Thursday, August 16, 2007

God? Double Dipping

The Rev. Ann Holmes Redding said in a recent Christian Century article titled "Episcopal Priest who embraced islam suspended for a year" that she is both Muslim and Christian. "I'm both an American of African descent and a woman. I'm 100 percent both. At the most basic level, I understand the two religions to be compatible. That's all I need." Redding told her story to the Seattle times in June.

Her Bishop, The Rt. Rev. Geralyn Wolf, suspended her for a year to "reflect on the doctrines of Christian faith and her vocation as a priest." Wolf states that he sees "the conflicts inherent in professing both Christianity and Islam."

Our Peregrini discussion divided the conversation into several parts.

First, no one thought any bishop would take such an action against a lay person. Some of our group doubted that some bishops would even take a similar action against some priests that they suspicion might have similar leaning, or at least embrace another religion like Buddhism.

Second, there was some serious conversation given to the idea that the priest, as an employee of the church and having taken vows of holy orders has an obligation to be one who "proclaims the gospel." However, it was pointed out that it would be hard to find any priest that weren't in violation of such canons. Who would be the keeper of the "orthodoxy?" Would we be heading to more inquistions?

Third, some made the point, "who really cares?" Until religion can get over itself and begin understanding itself as all a part of One Holy God and not holy apostolic and catholic Church, it will be at the root of conflict and even war. Because we may not be able to accommodate The Rev. Redding, we probably are driving others who are eclectic in faith, away from the church as a whole. Just another form of fundamentalism? What do you think?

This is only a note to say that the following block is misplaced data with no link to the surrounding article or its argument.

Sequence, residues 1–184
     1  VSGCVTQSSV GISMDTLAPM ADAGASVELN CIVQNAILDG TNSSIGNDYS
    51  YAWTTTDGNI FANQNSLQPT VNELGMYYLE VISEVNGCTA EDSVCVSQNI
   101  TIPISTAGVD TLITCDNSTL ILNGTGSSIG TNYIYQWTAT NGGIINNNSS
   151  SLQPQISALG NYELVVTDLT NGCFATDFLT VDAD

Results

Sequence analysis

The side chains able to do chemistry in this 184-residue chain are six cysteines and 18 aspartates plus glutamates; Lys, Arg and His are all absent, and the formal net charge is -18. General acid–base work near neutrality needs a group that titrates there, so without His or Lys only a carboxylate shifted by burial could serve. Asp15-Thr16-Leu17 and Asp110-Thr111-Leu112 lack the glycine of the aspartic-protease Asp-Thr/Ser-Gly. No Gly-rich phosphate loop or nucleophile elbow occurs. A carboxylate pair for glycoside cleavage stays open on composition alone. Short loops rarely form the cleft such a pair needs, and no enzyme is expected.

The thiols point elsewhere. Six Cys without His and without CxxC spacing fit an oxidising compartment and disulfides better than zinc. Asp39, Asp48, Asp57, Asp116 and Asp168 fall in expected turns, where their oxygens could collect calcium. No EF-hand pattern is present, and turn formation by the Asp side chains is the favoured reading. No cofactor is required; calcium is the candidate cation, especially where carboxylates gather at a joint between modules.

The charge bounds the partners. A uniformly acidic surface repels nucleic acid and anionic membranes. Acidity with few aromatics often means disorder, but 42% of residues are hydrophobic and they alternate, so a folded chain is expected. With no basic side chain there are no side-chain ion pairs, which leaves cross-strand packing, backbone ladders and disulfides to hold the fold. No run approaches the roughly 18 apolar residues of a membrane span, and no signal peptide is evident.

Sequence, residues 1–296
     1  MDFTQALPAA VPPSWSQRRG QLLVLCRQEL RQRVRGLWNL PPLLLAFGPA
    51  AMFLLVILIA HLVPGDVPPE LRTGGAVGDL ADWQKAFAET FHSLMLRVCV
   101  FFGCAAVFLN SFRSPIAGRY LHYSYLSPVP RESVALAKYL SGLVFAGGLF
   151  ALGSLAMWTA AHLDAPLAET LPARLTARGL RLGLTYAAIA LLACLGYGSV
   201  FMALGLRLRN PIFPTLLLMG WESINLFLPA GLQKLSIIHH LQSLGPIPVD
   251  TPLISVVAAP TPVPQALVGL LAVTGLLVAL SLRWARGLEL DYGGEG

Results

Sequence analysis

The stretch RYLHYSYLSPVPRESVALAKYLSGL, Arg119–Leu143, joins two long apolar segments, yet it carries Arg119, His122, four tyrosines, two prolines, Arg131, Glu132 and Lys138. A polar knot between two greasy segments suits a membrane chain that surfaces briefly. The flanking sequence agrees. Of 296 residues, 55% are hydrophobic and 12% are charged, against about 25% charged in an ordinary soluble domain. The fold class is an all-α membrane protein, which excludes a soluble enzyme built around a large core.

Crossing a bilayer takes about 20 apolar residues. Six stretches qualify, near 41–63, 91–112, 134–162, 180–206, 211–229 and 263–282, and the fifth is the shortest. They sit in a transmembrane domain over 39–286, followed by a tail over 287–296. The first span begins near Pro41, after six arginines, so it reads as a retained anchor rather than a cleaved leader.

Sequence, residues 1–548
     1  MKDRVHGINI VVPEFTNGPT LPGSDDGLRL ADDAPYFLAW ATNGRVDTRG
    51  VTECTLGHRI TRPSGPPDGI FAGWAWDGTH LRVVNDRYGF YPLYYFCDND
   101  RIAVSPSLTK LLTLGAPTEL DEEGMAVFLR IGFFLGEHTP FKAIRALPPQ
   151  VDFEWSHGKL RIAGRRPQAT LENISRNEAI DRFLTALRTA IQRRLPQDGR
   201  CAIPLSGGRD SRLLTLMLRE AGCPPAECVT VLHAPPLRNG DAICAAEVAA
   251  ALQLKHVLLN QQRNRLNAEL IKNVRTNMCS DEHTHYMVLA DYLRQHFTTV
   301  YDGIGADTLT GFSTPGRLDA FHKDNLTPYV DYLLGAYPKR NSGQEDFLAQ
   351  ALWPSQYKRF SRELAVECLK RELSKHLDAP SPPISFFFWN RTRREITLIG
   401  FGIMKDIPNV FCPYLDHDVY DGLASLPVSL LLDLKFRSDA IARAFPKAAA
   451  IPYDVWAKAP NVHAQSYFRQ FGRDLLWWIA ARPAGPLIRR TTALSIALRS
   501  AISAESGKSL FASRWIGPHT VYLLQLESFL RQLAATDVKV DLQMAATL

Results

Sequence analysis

3 comments:

Martin said...

I do have concerns about this, because my understanding of Islam is that it doesn't have an understanding of Jesus as the Son of God - which is an orthodox Christian understanding.

And if priests say that they believe the Old and New Testaments to be the word of God, and to contain all things necessary for salvation, and because we are a creedal church, I think there are some requirements placed on that.

Of course, I'm inconsistent because I don't think that people who question or reinterpret traditional dogmas (Bishop Spong, Matthew Fox, and several priests I know spring to mind) should be kicked out of the church.

I think there are boundaries and there are mechanisms in place to judge where those boundaries lie. If anything, I think this was the mechanism working as it is intended to work - regardless of whether or not this is how it *should* work.

4peregrini said...

Martin,

Your point is well taken and one held by some others in the conversation. For priests who give ascent to the requirments of Holy Orders it does seem to cross the line of that commitment to which you correctly point out. I would ask, does the conversation swing differently for those persons not ordained and bound by a statement of faith?

Eρικ said...

First, I applaud Bishop Wolf for his actions. I do not think anyone should be "kicked out of the Church," but offering her a year of contemplation seems more than reasonable.